CMS Supt. finding innovative ways to increase graduation rates

CMS Supt. finding innovative ways to increase graduation rates

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by RICHARD DEVAYNE / NBC Charlotte

Bio | Email | Follow: @richardwcnc

WCNC.com

Posted on September 27, 2012 at 5:53 PM

Updated Thursday, Sep 27 at 6:00 PM

CHARLOTTE, N.C  -- It's not every day that the Charlotte-Mecklenburg Superintendent and school board president visit students who have dropped out, but Dr. Heath Morrison wants to empathize the importance of increasing the districts graduation rate.
 
"It’s really outreach, it’s just making sure that we're a school district that values every child," said Morrison as he stood outside the home of a student who after speaking with him, decided to return to school. "If you're going to have an idea that every child matters, that every child counts…That’s what your school district is all about then you've got to reach out."
 
Dr. Morrison and Erica Ellis-Stewart went to the homes of students who have not attended classes this year and will continue to do so over the next weeks. They are speaking to those students and their care-givers about why the students dropped out and what can they do to get the students to come back. Currently, the CMS graduation rate stands at 76.1 percent. Those numbers have been going up, but Dr. Morrison said the district and community can do better.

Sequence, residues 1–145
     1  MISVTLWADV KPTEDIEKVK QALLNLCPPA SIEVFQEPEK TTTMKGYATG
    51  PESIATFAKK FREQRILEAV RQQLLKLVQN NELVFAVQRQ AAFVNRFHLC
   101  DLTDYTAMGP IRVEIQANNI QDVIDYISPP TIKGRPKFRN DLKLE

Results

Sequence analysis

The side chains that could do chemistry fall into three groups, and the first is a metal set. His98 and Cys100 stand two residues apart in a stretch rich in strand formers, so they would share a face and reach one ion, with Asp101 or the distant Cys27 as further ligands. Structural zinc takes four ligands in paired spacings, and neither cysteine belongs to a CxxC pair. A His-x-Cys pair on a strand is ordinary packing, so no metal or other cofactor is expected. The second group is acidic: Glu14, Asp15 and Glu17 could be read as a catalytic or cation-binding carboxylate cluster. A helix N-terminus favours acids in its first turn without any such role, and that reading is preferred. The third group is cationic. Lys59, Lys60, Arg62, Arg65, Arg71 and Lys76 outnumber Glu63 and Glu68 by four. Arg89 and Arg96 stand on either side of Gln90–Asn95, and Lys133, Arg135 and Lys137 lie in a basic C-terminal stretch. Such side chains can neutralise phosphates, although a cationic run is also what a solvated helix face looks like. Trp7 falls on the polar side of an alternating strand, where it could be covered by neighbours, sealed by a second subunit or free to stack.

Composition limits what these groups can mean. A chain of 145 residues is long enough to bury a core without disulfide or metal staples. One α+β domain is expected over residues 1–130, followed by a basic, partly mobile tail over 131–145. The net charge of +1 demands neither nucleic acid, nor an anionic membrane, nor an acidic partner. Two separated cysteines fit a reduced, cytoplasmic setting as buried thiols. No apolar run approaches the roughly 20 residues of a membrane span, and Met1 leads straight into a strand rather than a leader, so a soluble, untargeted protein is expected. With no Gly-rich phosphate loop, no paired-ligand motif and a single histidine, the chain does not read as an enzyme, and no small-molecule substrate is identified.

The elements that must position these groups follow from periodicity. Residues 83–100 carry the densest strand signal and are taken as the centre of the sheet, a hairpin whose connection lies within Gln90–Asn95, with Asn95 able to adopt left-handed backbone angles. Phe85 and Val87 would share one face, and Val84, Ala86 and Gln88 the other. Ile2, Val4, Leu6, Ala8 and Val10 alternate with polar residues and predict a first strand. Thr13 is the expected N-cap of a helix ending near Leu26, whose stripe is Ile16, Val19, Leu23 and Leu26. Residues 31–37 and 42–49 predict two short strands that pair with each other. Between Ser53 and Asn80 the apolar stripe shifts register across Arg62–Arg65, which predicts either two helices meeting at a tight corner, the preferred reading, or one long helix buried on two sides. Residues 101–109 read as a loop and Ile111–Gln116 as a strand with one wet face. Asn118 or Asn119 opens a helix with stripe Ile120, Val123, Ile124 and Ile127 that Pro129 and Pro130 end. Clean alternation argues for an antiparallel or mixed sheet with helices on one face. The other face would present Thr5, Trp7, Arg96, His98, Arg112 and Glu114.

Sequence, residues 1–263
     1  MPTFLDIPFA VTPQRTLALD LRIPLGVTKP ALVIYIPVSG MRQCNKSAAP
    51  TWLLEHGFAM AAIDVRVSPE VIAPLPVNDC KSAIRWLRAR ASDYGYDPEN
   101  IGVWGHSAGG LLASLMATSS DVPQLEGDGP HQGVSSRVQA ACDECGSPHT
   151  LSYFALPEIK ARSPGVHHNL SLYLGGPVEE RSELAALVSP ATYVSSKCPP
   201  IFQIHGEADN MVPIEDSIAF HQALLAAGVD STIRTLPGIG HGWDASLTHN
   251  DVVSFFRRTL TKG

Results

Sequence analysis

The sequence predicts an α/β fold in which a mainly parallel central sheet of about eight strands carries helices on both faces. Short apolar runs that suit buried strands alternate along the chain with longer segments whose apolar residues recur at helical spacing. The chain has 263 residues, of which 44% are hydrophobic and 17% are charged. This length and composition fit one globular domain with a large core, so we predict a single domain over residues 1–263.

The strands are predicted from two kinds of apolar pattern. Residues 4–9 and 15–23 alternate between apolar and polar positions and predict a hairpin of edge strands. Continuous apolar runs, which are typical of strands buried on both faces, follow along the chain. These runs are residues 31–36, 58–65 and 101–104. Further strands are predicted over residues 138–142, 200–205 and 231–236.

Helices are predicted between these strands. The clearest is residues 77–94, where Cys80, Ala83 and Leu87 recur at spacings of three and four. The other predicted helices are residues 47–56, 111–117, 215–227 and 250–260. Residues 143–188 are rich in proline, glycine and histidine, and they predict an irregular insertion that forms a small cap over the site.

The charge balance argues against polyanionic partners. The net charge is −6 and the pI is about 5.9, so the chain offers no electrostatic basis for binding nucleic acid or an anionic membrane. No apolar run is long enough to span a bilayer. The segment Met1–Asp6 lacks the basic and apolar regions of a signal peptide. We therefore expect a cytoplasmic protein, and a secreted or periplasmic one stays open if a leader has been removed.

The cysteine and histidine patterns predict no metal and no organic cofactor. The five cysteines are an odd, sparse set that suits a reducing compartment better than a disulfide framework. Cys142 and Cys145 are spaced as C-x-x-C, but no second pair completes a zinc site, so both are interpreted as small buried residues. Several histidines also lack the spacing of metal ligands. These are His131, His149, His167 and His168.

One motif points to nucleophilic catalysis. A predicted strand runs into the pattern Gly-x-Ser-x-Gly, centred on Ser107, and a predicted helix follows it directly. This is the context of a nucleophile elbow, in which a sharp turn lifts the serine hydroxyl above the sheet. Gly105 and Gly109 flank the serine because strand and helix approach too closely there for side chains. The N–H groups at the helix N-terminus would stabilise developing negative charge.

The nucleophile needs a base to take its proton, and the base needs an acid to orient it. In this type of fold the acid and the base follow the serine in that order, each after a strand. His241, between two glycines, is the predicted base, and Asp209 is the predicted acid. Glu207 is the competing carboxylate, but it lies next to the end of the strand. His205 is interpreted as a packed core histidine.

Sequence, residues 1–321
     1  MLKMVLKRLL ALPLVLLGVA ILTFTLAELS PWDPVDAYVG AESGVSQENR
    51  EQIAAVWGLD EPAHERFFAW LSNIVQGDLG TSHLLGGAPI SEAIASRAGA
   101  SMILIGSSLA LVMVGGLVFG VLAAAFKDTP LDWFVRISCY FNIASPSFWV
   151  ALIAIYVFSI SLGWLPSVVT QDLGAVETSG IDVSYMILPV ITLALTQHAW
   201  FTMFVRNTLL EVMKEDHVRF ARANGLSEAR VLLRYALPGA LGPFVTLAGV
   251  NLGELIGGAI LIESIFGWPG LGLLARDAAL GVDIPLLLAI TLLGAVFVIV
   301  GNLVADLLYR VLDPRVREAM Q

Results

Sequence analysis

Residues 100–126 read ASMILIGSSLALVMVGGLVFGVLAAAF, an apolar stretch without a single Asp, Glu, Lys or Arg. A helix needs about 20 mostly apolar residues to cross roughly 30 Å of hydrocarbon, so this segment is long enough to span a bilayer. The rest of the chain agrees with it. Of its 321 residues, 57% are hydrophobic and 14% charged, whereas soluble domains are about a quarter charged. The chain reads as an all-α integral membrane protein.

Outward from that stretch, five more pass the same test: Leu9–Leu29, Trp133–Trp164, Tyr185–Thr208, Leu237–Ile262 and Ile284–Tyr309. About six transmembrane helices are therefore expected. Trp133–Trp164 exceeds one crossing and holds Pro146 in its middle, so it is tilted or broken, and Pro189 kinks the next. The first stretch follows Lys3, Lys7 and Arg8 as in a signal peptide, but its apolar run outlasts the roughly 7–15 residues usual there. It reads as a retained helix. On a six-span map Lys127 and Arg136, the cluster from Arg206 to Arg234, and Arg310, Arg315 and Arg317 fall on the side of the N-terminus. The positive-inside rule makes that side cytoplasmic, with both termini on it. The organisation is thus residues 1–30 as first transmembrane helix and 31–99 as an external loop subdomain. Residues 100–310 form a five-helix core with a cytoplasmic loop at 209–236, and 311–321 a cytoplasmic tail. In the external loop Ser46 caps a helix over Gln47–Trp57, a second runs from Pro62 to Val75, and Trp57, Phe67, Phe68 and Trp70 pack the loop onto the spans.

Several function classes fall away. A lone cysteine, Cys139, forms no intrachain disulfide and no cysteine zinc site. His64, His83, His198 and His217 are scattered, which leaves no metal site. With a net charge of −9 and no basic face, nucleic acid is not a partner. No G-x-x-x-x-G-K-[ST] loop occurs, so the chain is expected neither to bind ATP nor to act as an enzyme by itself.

"I'm very proud of that, but that still means that one out of every four students that start with us in 9th grade won't finish unless we continue to innovate, do different things for the sake of being better." said Morrison.
 
For years, CMS has identified and reached out to students who have dropped out. CMS regularly sends social workers to make contact with the students in hopes of letting them know that there are ways they can finish their education.
 
“We need to make those relationships with students, to make sure that they know all of the options that are available to them,” said Kondra Rattley, Garinger High School Principal.
 
Morrison agrees, and said the visits are not for publicity but to show students how important it is for them to return to school; not for the school district but for their future.  

"This isn't a win-loss; it’s a win-win when every student is graduating." Morrison said.
 

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